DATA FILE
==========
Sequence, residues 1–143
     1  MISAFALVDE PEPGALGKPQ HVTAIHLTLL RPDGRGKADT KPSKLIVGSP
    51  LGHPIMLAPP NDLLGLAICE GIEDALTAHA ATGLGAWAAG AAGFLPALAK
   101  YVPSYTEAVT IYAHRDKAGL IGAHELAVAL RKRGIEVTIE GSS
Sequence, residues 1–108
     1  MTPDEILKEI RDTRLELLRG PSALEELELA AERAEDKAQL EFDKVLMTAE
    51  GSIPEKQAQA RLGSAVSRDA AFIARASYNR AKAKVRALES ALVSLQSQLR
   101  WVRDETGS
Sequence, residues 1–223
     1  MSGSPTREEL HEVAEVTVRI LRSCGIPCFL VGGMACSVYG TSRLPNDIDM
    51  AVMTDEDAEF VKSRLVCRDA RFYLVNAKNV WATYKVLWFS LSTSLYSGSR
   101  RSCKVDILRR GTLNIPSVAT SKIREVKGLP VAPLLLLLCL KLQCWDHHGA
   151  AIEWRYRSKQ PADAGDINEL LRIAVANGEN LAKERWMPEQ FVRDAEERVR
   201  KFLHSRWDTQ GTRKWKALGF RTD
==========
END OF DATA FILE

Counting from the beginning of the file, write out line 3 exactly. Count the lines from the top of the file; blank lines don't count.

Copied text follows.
    51  LGHPIMLAPP NDLLGLAICE GIEDALTAHA ATGLGAWAAG AAGFLPALAK